Less than fertile fertility tests

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Home fertility tests are suppose to let a woman who is eager to have a child know when she is most fertile and capable of conceiving. But according to a study from the researchers at the University of North Carolina Chapel Hill, they may not be up to the task leaving women to think they are less fertile when they are actually more fertile.

In the study, the researchers worked with 100 women aged 30 or more who all wanted to have a baby and were willing to use home fertility testing to assist them. The kits claim to measure certain hormones in a woman’s urine which indicate when she is most fertile and thus has the best chances for becoming pregnant. The kits include chemically treated strips that have a reaction to follicle stimulating hormone (FSH) found in urine. FSH is produced in the pituitary gland in the brain and helps stimulate the growth of egg follicles. Readings above a certain level are said to indicate when a woman is not likely to become pregnant. Remarkably, the study showed that FSH levels had little to do with fertility and did not correspond to those times when a woman was most likely to conceive.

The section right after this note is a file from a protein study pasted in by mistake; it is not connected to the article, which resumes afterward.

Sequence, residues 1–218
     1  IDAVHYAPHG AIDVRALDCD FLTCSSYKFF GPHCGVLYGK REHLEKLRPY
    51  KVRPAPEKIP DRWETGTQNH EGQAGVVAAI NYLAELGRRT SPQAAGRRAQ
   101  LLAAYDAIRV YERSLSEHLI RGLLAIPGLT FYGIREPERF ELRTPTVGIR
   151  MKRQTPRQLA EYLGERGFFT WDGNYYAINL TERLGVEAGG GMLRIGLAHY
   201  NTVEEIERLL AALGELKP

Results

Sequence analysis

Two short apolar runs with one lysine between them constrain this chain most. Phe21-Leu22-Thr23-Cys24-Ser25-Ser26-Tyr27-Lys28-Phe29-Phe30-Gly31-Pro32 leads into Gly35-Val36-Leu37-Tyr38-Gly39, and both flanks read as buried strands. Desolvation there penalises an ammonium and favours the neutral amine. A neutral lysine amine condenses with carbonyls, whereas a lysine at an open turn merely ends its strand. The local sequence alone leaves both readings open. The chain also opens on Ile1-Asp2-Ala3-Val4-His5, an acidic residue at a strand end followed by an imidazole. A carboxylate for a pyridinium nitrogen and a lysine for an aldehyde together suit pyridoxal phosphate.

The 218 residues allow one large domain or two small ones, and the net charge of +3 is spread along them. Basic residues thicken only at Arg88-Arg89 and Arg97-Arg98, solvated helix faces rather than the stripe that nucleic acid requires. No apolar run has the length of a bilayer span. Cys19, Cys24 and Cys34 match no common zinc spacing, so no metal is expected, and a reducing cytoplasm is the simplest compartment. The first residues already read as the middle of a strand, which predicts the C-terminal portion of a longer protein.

The study found a better indicator in the hormone anti-mullerian hormone (AMH). Unfortunately for the makers of home fertility tests (and the women anxious to use them), this hormone is found in the blood and requires lab work. AMH is found in the ovaries and directly influences the formation of egg follicles.

The next step will be to test a larger group of women and chart their conception successes. Until then, if you use a home fertility test, be aware that you may only be getting a partial picture of your fertility.

Source: National Partnership for Women & Families, MedicalNewsToday


 
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